The result of this process is a finished .mp4 video file that can be uploaded to TikTok, YouTube Shorts, Instagram, WhatsApp, Threads and Twitter. In order to facilitate the uploading a final piece of software generates a ready made caption that can be copy pasted into the upload screens of these services. It shows the title of the fact check along with the URL and it uses ChatGPT to generate a list of suitable hashtags.

The show

At the end of each day all videos are turned into a mini-talk show with robot presenters Artie Ficial and Botty McBotface. The pictures of Artie and Botty were generated using Canva and the rest of the technology used to create the show is essentially the same as for the fact checking videos.

Because of the structure of the first paragraph of a typical Lead Stories fact checks it is also very easy to turn them into a dialogue:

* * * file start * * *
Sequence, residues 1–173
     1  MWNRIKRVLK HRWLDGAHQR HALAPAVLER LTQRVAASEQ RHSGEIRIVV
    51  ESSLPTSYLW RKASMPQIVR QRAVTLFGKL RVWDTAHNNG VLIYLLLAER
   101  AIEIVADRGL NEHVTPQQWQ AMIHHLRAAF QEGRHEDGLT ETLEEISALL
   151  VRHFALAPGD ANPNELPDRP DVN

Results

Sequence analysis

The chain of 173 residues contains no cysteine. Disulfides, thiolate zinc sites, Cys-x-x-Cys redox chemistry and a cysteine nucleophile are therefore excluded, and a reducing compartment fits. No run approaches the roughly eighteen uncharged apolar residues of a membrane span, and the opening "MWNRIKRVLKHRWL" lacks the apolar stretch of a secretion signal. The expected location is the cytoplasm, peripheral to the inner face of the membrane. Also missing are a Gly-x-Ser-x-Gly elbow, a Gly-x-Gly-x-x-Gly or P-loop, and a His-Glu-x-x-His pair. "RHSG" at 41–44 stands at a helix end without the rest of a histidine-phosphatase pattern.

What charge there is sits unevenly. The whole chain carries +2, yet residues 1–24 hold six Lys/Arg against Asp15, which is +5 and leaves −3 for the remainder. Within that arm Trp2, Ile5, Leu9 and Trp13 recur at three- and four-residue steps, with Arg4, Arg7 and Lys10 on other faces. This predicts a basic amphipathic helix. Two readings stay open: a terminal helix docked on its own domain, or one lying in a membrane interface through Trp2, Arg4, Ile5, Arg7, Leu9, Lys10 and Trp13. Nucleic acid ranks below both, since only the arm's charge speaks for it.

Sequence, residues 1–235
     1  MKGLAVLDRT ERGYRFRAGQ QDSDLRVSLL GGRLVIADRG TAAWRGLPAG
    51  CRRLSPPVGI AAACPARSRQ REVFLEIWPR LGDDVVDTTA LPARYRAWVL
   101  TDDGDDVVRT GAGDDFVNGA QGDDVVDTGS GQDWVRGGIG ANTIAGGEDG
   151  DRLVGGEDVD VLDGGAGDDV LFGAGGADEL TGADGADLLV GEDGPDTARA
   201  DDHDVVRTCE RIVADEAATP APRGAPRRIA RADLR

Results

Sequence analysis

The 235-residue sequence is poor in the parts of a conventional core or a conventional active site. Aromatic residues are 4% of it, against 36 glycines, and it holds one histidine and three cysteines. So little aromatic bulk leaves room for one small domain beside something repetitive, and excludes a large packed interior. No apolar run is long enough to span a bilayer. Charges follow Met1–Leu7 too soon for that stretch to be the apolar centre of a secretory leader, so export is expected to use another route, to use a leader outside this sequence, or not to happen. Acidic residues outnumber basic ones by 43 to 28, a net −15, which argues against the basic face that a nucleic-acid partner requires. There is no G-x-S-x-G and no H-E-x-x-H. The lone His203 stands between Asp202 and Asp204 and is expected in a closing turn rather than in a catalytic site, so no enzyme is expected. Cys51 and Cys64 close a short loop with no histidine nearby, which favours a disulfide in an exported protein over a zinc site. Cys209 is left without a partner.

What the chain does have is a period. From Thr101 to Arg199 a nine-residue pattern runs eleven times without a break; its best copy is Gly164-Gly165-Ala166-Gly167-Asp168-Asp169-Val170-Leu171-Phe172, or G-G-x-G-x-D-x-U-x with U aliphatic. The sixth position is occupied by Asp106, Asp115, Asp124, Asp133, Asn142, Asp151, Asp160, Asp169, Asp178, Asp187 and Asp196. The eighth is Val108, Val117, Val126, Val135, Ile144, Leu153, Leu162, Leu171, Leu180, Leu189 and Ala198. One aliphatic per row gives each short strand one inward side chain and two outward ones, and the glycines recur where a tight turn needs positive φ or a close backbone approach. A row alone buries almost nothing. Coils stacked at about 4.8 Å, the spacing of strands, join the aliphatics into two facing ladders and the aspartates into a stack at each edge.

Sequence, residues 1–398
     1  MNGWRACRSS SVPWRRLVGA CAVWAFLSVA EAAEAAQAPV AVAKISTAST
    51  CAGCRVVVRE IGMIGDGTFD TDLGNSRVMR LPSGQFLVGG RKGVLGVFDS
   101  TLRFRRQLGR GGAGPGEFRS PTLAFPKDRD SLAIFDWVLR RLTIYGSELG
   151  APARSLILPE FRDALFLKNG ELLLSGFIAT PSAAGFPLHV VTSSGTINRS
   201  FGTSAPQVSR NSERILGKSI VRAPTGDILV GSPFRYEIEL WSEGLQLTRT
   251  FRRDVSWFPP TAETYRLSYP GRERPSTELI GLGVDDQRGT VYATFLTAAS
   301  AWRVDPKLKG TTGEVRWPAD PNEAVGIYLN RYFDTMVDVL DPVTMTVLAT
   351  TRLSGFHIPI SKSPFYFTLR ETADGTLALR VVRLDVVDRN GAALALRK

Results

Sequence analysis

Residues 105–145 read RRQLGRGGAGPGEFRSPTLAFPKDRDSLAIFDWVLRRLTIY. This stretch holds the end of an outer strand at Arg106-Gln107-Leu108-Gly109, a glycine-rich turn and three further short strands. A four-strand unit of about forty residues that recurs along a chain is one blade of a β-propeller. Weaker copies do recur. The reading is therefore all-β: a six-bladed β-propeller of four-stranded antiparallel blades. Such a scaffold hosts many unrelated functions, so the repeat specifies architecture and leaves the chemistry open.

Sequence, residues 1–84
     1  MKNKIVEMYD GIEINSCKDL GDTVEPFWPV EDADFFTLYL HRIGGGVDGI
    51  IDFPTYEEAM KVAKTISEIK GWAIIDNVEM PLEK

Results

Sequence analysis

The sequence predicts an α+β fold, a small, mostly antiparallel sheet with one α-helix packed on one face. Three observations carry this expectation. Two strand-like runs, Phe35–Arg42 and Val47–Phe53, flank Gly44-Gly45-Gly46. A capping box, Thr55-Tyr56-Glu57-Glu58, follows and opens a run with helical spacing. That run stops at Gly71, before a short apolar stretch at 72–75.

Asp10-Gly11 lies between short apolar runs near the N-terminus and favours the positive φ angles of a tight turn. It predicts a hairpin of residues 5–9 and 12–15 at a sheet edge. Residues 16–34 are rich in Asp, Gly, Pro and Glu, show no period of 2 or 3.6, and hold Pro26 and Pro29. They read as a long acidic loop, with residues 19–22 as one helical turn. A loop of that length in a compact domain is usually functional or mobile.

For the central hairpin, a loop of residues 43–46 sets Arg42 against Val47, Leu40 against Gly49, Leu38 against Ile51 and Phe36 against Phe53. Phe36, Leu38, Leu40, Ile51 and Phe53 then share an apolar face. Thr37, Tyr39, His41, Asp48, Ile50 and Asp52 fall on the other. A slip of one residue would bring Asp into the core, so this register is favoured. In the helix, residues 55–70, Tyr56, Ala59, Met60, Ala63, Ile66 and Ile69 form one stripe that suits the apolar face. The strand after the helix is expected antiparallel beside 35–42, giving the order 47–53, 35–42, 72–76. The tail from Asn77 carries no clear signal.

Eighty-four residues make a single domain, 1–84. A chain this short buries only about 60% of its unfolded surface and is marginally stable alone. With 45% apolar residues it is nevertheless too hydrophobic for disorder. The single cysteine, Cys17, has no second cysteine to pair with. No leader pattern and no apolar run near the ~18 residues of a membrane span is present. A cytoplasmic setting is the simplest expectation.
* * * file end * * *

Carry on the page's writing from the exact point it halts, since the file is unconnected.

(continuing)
• Question: Did thing happen?
  • Answer: No, that's not true: Thing was a joke from a satire website.
  • Reaction: Oh, I see!
  • Details: The site in question has a disclaimer that reads ...
  • Closing remark: Well, there you have it folks ...

The bold parts are already in the text of the fact check. The reactions come from a random list of phrases. For the closing remark we turned to ChatGPT.

Note: We did have to work on refining the prompt with enough safeguards to prevent inappropriate jokes when the topic of the fact check involves tragic events, diseases, deaths, etc. And of course you can't use ChatGPT-generated text before it is vetted and corrected (if needed) by humans, but that still is far less work than writing it all by hand.